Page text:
Is it okay if I post my review of Doug Ellin‘s Entourage (Warner Bros., 6.3) tomorrow morning? It’s a total throwaway — a theatrical release that behaves like an Entourage episode with a few more boobs and famous-face cameos. Obviously nobody cared when they made it. Well, they wanted the film to make money, of course, but there’s so much in this thing that feels surface-skimmy and smug and lightweight. I didn’t hate it but it’s lazy and diddly and too delighted with material abundance, and I have no room in my life for a movie that can’t be bothered to sweat out the difficulty of being good or at least interesting. At no time was I under the impression that anyone involved in the making had sweated or given any kind of serious thought to anything. I just sat there with my luggage in the row ahead of me (I’d come right from JFK on the A train — 50 minutes from Howard Beach to 8th Avenue and 34th Street) and waited for it to end. The boobs are healthy and bouncy like only early 20something boobs can be, but they didn’t do anything for me because their carriers (i.e., the women) lacked intrigue and complexity…sorry. Hooray for Ellin and producer Mark Wahlberg and Adrian Grenier and the other cast members making more dough off this thing, and to everyone else who collected a nice paycheck during production or in post. I’ll get into it a bit more tomorrow morning. My flight to Los Angeles leaves in the late afternoon so there’s plenty of time.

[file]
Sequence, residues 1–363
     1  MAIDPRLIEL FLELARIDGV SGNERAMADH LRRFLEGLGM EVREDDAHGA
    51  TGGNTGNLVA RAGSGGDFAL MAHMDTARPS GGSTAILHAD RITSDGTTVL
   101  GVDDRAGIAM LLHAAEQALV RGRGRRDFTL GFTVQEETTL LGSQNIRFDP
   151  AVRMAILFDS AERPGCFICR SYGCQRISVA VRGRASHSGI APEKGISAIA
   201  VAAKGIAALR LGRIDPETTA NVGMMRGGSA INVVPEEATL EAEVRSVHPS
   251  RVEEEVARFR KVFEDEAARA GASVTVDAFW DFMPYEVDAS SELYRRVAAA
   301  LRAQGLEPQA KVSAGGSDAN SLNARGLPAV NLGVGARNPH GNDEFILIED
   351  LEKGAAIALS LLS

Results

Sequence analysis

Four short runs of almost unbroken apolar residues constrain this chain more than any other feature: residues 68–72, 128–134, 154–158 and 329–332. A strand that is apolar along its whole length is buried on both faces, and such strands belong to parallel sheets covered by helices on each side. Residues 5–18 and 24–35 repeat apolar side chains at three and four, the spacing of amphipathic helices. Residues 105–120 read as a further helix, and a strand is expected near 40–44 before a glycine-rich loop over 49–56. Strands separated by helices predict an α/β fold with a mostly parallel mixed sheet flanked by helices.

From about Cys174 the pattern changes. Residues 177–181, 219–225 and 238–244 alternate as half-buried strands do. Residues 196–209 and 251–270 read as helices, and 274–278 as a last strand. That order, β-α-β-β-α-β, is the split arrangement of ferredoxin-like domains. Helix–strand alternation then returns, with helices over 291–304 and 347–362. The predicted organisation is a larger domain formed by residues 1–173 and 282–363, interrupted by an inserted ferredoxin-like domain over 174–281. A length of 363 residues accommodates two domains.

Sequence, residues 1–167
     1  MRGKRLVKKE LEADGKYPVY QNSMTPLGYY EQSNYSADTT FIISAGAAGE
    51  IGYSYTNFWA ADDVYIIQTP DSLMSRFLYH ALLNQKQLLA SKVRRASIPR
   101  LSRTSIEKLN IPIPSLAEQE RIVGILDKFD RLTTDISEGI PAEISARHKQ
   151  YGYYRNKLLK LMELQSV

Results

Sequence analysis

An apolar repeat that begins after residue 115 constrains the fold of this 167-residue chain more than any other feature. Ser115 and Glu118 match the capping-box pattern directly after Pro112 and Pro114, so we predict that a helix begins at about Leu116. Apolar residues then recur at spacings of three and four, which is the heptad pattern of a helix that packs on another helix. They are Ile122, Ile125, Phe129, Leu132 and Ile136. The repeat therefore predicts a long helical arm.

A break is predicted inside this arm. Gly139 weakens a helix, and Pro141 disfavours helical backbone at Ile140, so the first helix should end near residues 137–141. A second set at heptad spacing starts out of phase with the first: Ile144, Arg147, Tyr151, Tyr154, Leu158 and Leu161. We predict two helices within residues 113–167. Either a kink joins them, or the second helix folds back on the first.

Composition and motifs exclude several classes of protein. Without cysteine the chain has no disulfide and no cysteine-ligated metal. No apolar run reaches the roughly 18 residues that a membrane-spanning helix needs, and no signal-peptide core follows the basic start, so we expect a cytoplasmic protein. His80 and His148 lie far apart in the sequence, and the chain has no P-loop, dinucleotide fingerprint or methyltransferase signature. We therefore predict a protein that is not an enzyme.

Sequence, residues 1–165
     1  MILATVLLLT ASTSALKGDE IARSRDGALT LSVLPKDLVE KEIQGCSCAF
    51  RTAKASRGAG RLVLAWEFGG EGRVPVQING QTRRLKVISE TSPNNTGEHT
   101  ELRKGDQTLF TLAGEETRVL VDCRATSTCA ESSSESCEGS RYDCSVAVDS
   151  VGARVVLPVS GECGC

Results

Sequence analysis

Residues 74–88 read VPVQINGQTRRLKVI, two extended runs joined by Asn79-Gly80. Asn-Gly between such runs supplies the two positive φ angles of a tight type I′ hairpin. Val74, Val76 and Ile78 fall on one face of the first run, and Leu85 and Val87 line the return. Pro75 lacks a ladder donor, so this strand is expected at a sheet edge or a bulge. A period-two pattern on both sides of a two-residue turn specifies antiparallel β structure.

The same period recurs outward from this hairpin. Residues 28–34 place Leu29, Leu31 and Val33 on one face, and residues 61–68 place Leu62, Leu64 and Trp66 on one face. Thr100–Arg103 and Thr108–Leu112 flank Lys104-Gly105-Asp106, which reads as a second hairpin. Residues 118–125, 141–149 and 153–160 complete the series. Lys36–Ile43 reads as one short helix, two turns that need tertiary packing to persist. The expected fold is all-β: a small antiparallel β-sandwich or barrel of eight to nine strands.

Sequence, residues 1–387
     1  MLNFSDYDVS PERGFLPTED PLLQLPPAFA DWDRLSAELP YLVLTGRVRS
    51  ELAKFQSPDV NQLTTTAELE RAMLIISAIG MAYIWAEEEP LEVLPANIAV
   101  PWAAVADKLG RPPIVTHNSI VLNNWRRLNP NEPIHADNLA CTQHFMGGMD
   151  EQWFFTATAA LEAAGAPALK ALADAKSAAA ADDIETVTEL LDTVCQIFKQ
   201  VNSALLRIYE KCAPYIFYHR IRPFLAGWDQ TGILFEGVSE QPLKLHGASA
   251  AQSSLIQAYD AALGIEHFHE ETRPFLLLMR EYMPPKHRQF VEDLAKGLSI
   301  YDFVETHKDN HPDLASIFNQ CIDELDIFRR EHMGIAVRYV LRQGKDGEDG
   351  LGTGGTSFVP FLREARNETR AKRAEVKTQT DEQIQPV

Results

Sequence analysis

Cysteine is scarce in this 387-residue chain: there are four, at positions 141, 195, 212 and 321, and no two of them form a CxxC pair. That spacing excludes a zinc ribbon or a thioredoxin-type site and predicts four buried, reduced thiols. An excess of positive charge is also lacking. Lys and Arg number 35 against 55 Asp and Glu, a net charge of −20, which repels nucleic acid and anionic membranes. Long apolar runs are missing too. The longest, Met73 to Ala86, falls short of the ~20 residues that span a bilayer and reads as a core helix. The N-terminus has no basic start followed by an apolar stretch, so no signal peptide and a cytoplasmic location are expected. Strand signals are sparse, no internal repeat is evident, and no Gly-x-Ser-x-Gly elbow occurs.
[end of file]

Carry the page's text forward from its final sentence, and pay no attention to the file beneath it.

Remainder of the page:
I’ll be celebrating Bill Pohlad‘s Love & Mercy (Roadside, 6.5) for the third time today at a 6 pm screening at Manhattan’s Dolby 88. My first viewing was at the Toronto Film Festival (here’s my 9.8.14 review) and the second time was in late April at L.A.’s Wilshire Screening Room. Anyway today I read a superbly written review by Los Angeles magazine’s Steve Erickson, and I was struck by two sentences in particular. One in which Erickson describes Brian Wilson‘s post-Pet Sounds, Smile-era comedown in which “the celestial sounds in his head turned on him, and became the screams of angels falling from heaven.” The second alludes to Wilson’s music-creating process: “Great artists create in circles, not lines, in the ever-bending curl of the wave rather than in its rush to the shore’s conclusion.”
Los Angeles magazine illustration by Andre Carrilho.
Yes, Caitlyn Jenner looks a little like Jessica Lange. But again, why the effort? Why the big, attention-seeking Vanity Fair projection of a glammy, sexy woman? She told Diane Sawyer during that 4.24.15 interview that she’s “not gay…I’ve never been with a guy” and that while he/she’s been attracted to women all his/her life, that’s no longer the case — “I’m asexual.” And yet she’s obviously projecting a sexual aura. If she’s decided to be sexual, fine, but what’s the point of the VF cover if sexuality isn’t on the table? Why can’t Caitlyn just be womanly, nurturing and compassionate and let it go at that? That aside, a question that all hetero males (including Eddie Murphy types) are probably asking themselves is “would you hit that?” Answer: No, I wouldn’t because her shoulders are too broad, her feet are way too big and Jenner is 6′ 2″.